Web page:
The pandemic has challenged many orthodoxies—whether it’s the notion that certain services can be only delivered in person, or that work must be done in offices from 9 to 5—and shown that letting go of the norm can unlock new opportunities.

Contrast that with the needs of the housing insecure who need different supports that provide relief, whether it’s help with paying overdue rent or utilities or assistance from a housing counselor. A sudden change in one area of their life—a relationship, their health, access to transportation, or job status—could push them into homelessness. Those that are housing cost burdened face similar challenges when an unexpected life event can lead to a sudden decrease in resources available to pay rent, utilities, or a mortgage. Those experiencing housing insecurity and those that are burdened by housing costs often don’t know where to start looking for resources, or think they don’t qualify for help because they are not “technically” homeless.

The specific needs and experiences of each group determine what it will take to move them down the path to long-term housing stability.

Real-time, integrated data is necessary to develop effective prevention and mitigation strategies

Beyond recognizing the spectrum of housing needs, leading jurisdictions have made meaningful headway on deanonymizing aggregate data on homelessness and integrating it to derive insights.

At the micro level, communities need to know who is experiencing homelessness, and that list needs to be updated regularly. Annual point-in-time data isn’t sufficient. Communities such as Bergen County have used high-quality, real-time data to understand their homeless populations, tailor their response to end homelessness for high-risk populations, and sustain that progress over time.7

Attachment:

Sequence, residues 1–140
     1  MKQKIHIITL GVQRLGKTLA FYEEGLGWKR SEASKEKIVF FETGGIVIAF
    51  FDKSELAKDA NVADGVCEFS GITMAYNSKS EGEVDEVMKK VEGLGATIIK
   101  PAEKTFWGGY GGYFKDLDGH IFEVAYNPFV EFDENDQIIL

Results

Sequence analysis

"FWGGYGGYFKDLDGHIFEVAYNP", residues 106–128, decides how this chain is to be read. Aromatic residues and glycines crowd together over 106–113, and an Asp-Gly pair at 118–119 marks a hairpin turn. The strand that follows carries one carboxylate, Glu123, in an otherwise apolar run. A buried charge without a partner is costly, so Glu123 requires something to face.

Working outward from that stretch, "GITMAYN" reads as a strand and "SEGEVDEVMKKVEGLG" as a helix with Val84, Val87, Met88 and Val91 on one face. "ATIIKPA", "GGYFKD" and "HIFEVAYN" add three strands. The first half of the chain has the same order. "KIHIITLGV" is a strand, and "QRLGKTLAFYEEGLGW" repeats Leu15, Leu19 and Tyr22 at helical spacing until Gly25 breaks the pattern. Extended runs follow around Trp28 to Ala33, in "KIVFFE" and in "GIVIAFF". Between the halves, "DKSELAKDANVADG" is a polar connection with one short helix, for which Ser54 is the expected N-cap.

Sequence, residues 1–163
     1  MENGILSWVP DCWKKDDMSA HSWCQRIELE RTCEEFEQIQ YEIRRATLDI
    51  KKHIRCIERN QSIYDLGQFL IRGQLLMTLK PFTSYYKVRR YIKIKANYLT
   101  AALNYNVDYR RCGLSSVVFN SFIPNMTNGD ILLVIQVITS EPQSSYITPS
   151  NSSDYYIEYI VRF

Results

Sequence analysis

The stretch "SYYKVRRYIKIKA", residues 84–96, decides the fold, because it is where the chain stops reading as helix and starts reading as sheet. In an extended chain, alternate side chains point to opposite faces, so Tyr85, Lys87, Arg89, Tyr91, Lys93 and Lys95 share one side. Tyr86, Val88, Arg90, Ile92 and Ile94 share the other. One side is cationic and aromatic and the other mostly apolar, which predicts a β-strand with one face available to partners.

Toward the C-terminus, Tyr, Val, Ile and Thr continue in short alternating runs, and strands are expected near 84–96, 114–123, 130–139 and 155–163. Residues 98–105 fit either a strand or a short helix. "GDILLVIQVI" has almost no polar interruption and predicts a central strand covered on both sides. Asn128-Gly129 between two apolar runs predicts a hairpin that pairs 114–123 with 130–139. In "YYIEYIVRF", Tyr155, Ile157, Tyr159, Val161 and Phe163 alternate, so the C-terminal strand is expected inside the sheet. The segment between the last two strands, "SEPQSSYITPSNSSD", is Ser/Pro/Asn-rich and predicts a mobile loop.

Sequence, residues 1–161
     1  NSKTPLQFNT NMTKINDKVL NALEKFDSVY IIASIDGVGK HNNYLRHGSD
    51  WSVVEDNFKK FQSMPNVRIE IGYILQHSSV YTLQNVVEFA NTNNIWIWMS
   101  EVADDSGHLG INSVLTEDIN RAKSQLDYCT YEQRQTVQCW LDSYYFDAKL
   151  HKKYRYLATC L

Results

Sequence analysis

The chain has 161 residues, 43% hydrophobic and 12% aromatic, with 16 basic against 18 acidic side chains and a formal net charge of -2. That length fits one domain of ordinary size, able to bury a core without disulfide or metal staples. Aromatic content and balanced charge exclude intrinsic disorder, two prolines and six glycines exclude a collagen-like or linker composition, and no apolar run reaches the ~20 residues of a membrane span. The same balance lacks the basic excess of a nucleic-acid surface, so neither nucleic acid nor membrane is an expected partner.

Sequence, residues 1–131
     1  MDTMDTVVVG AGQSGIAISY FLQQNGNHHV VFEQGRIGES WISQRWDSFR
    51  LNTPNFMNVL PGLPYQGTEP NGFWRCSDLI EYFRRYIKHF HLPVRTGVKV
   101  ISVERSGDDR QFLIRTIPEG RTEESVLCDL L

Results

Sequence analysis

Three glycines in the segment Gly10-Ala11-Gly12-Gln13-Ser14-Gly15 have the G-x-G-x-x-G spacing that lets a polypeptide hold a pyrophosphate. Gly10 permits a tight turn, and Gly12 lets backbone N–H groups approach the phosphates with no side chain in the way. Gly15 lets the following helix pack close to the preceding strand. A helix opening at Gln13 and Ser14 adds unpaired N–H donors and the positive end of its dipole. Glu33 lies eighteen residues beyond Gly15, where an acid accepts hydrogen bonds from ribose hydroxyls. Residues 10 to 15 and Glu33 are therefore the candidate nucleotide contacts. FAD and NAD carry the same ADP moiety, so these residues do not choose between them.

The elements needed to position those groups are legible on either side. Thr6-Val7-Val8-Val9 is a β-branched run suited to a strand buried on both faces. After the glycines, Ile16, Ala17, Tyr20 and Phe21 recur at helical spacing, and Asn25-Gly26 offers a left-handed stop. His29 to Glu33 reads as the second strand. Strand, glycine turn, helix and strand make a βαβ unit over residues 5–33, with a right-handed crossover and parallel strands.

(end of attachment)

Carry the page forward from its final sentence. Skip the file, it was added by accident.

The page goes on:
At the macro level, there’s a great deal of information being collected on homelessness. The Department of Housing and Urban Development (HUD) collects annual point-in-time data and housing inventory count data for all Continuum of Care (CoC) programs across the country. Homeless management information systems (HMIS) contain data collected by each CoC for reporting to HUD. The National Center for Homeless Education also maintains a database on the education of homeless youth. State and local governments collect data too.

Unfortunately, much of this data sits in jurisdictional silos, making it hard to build a complete picture of homelessness. But that is changing.

The National Alliance to End Homelessness, for example, has created a “State of Homelessness” portal that aggregates data from across the nation and represents it in visual form.8 Users can employ the portal to examine sheltered versus unsheltered populations, homelessness by race and ethnicity, the availability of beds in each state, and trends in permanent housing solutions. Such open data portals offer insights into the success of various initiatives, highlighting communities that are reducing homelessness. These insights can help refocus resources to appropriate geographic regions and cohorts, both locally and nationally.

Los Angeles County (L.A. County) is using its data to understand who is at risk of homelessness, so it can develop more targeted prevention programs. In a recent project, researchers at the California Policy Lab at UCLA and UChicago Inclusive Economy Lab analyzed millions of interactions between L.A. County’s social services agencies and residents to improve the odds of correctly identifying who will become homeless from 1 in 10 to 1 in 2.9 Buoyed by the results, L.A. County launched a pilot program to target at-risk individuals and families for preventive services.

Ending homelessness requires an ecosystem approach

Homelessness is not, nor should it be, solely the government’s responsibility. A broader ecosystem with multiple stakeholders—nonprofits, the private sector, and citizen activists—is needed to help solve the problem. Case in point: Denver’s Road Home initiative.